Amazon and real estate – will Bezos’ vision change marketing of home listings

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homesThe big news this week is of course Jeff Bezos’ purchase of the Washington Post. Why would the man who predicted the demise print media pay $250 million for a regional newspaper and a handful of associated local papers?

If the real estate business is a window into how media plays a role in the daily lives of the average American, then Bezos’ purchase might be a head scratcher. Over the last five years, the National Association of Realtors® annual Profile of Home Buyers and Sellers (realtor.org) has demonstrated how the internet has increasingly played a role in how home buyers actively searched for homes. In 2007, the Profile of Home Buyers and Sellers indicated that about 60% of home buyers completely relied on the internet to search for their home, while about 21% did not use the internet at all in their search. Compare those statistics to the 2012 Profile, which reported that 90% of home buyers used the internet to search for homes; and home buyers who were younger than 44 years of age, the use of the internet is reported to be 96%!

It seems as if home buyers relied on the weekend real estate sections of the paper for a leg up on new home listings and open houses. Real estate agents and brokers happily paid to have their listings included in what seemed to be the weekly catalog of homes for sale. In addition to the home listings, print real estate sections also included other related information (such as decorating, renovation, and buying/selling tips).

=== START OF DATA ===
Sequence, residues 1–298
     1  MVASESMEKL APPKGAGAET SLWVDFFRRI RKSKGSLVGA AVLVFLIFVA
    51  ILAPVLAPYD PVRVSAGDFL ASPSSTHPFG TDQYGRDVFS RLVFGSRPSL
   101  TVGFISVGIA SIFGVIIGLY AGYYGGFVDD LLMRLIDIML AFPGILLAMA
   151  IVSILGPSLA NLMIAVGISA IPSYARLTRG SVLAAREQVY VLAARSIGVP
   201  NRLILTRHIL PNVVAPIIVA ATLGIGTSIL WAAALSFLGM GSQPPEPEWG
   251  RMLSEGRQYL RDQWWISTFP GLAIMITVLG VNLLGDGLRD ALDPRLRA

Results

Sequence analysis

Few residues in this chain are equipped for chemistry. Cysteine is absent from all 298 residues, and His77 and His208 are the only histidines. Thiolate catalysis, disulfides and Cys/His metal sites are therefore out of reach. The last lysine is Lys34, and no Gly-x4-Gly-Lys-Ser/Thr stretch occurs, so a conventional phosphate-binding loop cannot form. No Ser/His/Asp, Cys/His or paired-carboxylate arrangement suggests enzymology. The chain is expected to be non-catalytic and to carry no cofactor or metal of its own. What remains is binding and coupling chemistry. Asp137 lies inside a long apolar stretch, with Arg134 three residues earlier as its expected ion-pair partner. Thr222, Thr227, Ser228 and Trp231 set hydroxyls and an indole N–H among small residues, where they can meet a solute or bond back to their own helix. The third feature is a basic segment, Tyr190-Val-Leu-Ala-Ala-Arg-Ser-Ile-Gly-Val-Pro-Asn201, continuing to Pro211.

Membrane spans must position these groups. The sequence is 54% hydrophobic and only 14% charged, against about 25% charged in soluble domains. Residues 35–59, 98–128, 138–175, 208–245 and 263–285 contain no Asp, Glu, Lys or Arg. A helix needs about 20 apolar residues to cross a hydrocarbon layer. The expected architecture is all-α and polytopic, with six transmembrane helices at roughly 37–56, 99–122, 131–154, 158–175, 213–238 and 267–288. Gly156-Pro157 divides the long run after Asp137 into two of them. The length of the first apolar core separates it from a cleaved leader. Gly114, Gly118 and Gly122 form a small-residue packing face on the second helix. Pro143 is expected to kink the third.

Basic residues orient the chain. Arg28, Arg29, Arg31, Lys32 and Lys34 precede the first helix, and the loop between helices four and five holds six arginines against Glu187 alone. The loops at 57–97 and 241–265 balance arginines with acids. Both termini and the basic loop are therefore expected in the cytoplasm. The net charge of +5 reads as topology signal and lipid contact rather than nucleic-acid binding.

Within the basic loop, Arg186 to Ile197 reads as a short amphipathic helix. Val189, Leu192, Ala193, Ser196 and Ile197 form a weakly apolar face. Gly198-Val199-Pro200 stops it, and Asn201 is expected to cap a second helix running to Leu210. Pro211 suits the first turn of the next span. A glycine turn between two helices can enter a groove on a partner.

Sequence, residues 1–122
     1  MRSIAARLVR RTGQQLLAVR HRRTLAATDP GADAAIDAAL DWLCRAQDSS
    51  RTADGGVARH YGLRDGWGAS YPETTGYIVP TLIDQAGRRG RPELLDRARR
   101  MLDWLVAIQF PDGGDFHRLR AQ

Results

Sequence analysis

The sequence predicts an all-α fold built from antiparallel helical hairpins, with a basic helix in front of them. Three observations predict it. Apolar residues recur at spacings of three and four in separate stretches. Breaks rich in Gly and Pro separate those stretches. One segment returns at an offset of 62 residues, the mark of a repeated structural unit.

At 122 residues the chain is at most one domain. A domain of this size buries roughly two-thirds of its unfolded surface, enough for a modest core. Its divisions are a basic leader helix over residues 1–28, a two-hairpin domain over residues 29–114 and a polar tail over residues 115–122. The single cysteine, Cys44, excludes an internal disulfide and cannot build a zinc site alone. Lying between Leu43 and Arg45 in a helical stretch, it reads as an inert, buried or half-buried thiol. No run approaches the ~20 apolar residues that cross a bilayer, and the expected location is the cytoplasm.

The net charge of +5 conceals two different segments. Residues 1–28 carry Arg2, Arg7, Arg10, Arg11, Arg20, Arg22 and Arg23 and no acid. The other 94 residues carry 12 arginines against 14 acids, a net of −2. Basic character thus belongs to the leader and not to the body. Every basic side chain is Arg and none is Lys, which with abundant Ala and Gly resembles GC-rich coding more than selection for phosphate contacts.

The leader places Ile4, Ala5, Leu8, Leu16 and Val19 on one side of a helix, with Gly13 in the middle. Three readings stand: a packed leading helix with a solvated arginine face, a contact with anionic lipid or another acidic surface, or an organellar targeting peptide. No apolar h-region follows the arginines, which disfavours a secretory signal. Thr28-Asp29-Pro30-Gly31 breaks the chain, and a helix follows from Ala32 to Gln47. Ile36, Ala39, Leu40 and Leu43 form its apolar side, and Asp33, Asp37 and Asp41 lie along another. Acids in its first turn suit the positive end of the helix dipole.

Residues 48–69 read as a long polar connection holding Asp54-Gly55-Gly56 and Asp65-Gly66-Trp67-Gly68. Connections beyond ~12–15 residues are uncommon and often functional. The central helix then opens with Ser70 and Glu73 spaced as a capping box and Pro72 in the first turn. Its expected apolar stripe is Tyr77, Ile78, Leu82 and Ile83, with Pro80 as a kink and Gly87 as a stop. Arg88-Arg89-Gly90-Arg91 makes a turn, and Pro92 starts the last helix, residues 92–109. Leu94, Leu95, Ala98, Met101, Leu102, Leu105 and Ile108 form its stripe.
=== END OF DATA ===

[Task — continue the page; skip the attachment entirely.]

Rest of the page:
However, as the NAR’s Profile of Home Buyers and Sellers indicated, there was a sharp increase in the reliance of the internet to search for homes from 2007 -2012. The time frame is no coincidence; besides the exponential increase in technology and computing power during this period, it also covers the housing bust and subsequent foreclosure crisis. This was a time of tight advertising budgets and the search for efficient advertising modes; the internet offered a bigger bang for the advertising dollar, offering a more robust real estate platform than print could ever offer.

And although there was a colossal increase in the reliance of the internet for real estate listing information in the last five years, there was a consolidation and reorganization of online real estate content during that time frame as well. As the housing market declined in 2007, many sites stopped syndicating their own content and instead partnered with one of the high profile, well organized real estate portals.

It might seem as if the purchase of the Washington Post by an internet visionary who had once foretold the death of printed news might be confusing. But if you understand the Amazon.com business model and how it revolutionized the purchase and delivery of print and recorded media, you would not speculate that the purchase of the venerable news organization was to expand an internet empire to the newsstand – but rather you might believe that the purchase was to acquire a widely recognized brand that generates a considerable amount of content that can be packaged and sold through Bezos’ established model.

Just as the internet revolutionized real estate content and home listings, you might imagine how Bezos’ novel news paradigm could increase the robustness of content and distribution of home and open house listings.

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This article is not intended to provide nor should it be relied upon for legal and financial advice. Using this article without permission is a violation of copyright laws.

By Dan Krell
Copyright © 2013